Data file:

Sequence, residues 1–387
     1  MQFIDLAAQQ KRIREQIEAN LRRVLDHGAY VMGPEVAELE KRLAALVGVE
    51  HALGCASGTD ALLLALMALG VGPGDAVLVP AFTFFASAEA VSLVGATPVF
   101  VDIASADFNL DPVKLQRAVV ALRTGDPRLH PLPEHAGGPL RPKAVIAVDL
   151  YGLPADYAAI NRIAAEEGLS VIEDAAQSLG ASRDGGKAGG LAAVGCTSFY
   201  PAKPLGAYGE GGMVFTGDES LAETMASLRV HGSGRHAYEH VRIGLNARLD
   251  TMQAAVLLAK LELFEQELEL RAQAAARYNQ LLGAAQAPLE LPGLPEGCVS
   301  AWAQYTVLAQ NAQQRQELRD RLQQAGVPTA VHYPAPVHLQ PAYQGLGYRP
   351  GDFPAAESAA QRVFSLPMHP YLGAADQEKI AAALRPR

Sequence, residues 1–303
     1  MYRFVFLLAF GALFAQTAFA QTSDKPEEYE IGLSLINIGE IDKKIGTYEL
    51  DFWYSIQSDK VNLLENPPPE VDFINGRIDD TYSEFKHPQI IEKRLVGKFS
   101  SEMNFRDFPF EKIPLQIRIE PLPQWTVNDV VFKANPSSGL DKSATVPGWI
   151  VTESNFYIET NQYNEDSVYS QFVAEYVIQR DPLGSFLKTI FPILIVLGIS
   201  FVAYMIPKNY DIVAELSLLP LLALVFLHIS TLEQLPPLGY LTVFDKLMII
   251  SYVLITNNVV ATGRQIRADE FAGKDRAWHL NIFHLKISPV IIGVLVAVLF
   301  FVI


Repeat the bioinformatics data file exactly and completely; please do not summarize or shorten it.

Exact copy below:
Sequence, residues 1–387
     1  MQFIDLAAQQ KRIREQIEAN LRRVLDHGAY VMGPEVAELE KRLAALVGVE
    51  HALGCASGTD ALLLALMALG VGPGDAVLVP AFTFFASAEA VSLVGATPVF
   101  VDIASADFNL DPVKLQRAVV ALRTGDPRLH PLPEHAGGPL RPKAVIAVDL
   151  YGLPADYAAI NRIAAEEGLS VIEDAAQSLG ASRDGGKAGG LAAVGCTSFY
   201  PAKPLGAYGE GGMVFTGDES LAETMASLRV HGSGRHAYEH VRIGLNARLD
   251  TMQAAVLLAK LELFEQELEL RAQAAARYNQ LLGAAQAPLE LPGLPEGCVS
   301  AWAQYTVLAQ NAQQRQELRD RLQQAGVPTA VHYPAPVHLQ PAYQGLGYRP
   351  GDFPAAESAA QRVFSLPMHP YLGAADQEKI AAALRPR

Sequence, residues 1–303
     1  MYRFVFLLAF GALFAQTAFA QTSDKPEEYE IGLSLINIGE IDKKIGTYEL
    51  DFWYSIQSDK VNLLENPPPE VDFINGRIDD TYSEFKHPQI IEKRLVGKFS
   101  SEMNFRDFPF EKIPLQIRIE PLPQWTVNDV VFKANPSSGL DKSATVPGWI
   151  VTESNFYIET NQYNEDSVYS QFVAEYVIQR DPLGSFLKTI FPILIVLGIS
   201  FVAYMIPKNY DIVAELSLLP LLALVFLHIS TLEQLPPLGY LTVFDKLMII
   251  SYVLITNNVV ATGRQIRADE FAGKDRAWHL NIFHLKISPV IIGVLVAVLF
   301  FVI